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You will note from the foregoing that it will not be necessary for your Association to provide for the Federal Judges or the Judges in the Appellate Court of last resort in your State.

The program has not yet been finally determined upon. The formal invitation to your Association, signed by the Presidents of the Exposition Company and the American Bar Association, will reach you later. You can either name your delegates at present, or provide for their appointment at a later date.

You will see in the last number of the American Law Review the action of the American Bar Association at its last annual meeting. That, with the data I give you, will enable you to explain to your Association the present

status.

All of us here are confident that the Congress will be successful in point of numbers and the character of delegates. Just how attractive the program can be made yet remains to be determined. We hope your Bar Association will send a strong and representative delegation.

Yours truly,

JAMES HAGERMAN.

With this comes the following communication from President Hagerman relative to this subject:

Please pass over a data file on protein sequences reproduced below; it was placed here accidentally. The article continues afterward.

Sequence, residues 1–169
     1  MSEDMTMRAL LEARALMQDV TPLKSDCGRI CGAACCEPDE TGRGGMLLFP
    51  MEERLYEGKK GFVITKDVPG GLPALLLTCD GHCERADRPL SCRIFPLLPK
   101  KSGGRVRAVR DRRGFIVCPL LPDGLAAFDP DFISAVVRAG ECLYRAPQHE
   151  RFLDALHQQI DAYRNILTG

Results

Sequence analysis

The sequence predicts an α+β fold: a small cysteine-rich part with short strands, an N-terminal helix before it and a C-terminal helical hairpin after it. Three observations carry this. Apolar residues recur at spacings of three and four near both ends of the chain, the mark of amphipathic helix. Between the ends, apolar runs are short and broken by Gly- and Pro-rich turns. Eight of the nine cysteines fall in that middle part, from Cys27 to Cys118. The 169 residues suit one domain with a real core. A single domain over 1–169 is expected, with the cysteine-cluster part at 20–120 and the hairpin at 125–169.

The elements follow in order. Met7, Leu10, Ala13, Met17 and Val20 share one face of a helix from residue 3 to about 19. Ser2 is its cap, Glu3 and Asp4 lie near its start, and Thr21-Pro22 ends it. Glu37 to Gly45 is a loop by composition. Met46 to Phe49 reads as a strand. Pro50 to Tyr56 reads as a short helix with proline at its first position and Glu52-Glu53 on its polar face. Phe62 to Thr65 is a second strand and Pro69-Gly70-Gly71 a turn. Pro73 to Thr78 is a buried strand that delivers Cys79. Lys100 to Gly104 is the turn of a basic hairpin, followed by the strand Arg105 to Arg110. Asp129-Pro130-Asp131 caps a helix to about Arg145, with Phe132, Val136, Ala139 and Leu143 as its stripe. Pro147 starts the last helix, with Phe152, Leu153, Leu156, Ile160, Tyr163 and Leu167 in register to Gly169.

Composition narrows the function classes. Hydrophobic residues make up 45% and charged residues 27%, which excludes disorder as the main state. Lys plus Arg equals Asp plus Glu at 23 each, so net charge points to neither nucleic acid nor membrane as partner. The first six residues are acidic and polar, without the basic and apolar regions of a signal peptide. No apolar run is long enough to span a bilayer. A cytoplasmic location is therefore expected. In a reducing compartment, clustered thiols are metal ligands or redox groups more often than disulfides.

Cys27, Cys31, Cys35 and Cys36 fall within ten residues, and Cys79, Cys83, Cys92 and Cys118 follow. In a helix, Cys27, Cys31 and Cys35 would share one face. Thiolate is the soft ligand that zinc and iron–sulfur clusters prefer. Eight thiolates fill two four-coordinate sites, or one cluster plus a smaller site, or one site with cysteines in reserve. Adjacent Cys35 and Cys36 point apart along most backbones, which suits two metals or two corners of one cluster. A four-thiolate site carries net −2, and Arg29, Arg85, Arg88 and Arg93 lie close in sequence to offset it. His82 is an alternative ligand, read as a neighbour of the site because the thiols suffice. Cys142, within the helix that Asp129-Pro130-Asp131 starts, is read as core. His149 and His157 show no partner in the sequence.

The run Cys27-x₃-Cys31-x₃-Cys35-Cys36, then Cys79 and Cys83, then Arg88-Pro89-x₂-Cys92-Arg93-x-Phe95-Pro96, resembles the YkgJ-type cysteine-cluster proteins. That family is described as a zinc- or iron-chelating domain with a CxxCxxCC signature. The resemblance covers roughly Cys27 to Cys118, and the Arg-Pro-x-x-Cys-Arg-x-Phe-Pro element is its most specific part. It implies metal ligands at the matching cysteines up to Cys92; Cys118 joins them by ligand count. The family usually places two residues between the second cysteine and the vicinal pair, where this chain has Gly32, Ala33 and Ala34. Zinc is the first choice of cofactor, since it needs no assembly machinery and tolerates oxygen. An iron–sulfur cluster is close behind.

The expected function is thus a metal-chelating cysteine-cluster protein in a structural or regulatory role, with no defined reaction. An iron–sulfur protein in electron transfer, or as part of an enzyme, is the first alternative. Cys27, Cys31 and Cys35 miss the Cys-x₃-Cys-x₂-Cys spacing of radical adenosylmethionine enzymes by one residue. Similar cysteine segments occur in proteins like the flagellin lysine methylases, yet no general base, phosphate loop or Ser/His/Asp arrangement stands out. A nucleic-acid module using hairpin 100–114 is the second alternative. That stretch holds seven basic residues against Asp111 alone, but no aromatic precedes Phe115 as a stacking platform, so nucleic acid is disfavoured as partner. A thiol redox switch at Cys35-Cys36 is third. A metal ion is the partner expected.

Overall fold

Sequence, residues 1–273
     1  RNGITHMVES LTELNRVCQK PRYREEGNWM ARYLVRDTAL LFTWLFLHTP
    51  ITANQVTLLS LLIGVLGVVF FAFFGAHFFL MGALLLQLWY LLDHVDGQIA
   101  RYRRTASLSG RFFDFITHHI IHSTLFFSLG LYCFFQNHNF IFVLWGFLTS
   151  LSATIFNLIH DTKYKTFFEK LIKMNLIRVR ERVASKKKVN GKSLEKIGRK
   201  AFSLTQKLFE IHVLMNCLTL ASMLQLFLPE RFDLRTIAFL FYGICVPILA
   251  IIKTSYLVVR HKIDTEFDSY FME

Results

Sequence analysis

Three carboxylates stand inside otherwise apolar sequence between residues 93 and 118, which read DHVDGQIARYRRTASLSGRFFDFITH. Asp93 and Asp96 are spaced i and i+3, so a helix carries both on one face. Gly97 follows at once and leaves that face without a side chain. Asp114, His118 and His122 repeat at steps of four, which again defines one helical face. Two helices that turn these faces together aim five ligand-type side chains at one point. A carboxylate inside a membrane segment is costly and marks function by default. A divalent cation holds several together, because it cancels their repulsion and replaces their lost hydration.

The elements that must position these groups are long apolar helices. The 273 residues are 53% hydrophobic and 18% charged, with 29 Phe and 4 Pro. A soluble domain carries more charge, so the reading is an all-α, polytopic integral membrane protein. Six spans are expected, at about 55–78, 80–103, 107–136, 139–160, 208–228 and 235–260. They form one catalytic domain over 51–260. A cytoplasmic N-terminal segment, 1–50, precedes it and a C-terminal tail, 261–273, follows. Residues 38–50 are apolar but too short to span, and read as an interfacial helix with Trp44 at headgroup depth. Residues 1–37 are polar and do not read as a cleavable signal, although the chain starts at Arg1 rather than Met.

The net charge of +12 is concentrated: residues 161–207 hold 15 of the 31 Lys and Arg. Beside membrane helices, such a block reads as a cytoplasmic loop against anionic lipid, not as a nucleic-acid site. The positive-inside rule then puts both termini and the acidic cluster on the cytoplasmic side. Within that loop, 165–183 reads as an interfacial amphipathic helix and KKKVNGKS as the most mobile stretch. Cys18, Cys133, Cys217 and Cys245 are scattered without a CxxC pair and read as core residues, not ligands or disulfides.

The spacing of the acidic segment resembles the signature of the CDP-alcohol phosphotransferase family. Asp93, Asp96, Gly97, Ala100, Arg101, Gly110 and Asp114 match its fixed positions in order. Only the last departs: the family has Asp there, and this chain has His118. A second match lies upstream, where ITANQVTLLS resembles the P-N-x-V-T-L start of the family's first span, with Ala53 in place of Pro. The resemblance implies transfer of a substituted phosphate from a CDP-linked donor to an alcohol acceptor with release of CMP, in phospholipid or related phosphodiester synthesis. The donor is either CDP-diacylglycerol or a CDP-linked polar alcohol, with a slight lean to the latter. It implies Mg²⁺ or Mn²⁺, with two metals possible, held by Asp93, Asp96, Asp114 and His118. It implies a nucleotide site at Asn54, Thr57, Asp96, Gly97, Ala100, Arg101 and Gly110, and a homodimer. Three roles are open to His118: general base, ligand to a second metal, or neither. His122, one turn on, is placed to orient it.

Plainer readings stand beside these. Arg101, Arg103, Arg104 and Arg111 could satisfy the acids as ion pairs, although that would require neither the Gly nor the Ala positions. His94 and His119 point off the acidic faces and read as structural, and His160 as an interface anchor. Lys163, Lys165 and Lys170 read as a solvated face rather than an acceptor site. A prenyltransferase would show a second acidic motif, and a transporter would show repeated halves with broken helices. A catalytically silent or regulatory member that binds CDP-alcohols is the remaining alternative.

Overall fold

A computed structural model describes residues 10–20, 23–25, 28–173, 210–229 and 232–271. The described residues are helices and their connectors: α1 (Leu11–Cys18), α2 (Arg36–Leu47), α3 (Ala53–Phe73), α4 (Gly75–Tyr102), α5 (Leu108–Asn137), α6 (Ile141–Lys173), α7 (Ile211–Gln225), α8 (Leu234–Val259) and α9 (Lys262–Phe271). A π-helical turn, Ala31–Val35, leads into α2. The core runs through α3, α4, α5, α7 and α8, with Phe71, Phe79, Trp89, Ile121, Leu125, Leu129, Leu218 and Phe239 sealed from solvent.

UNIVERSAL EXPOSITION, ST. LOUIS, 1904.

DEPARTMENT OF CONGRESSES.

Universal Congress of Lawyers and Jurists.

Under the auspices of the Universal Exposition, St. Louis, 1904, and with the co-operation of the American Bar Association, a Universal Congress of Lawyers and Jurists will be held at St. Louis on Wednesday, Thursday

and Friday, September 28, 29 and 30, 1904. The Congress will be composed of:

(1) Delegates named by the Governments of the World.

(2) Delegates from Bar Associations of the United States and kindred associations of other nations.

(3) Delegates from Law Colleges, named by the constituted authorities thereof.

(4) Such eminent judges, jurists and lawyers as may be specially appointed as delegates.

The Congress is immediately to succeed the annual meeting of the American Bar Association for 1904, which is to be held at St. Louis, September 26, 27 and 28, 1904. The American delegates are composed of:

(a) All Federal Judges, and all the Judges of the Appellate Courts of last resort in the various States.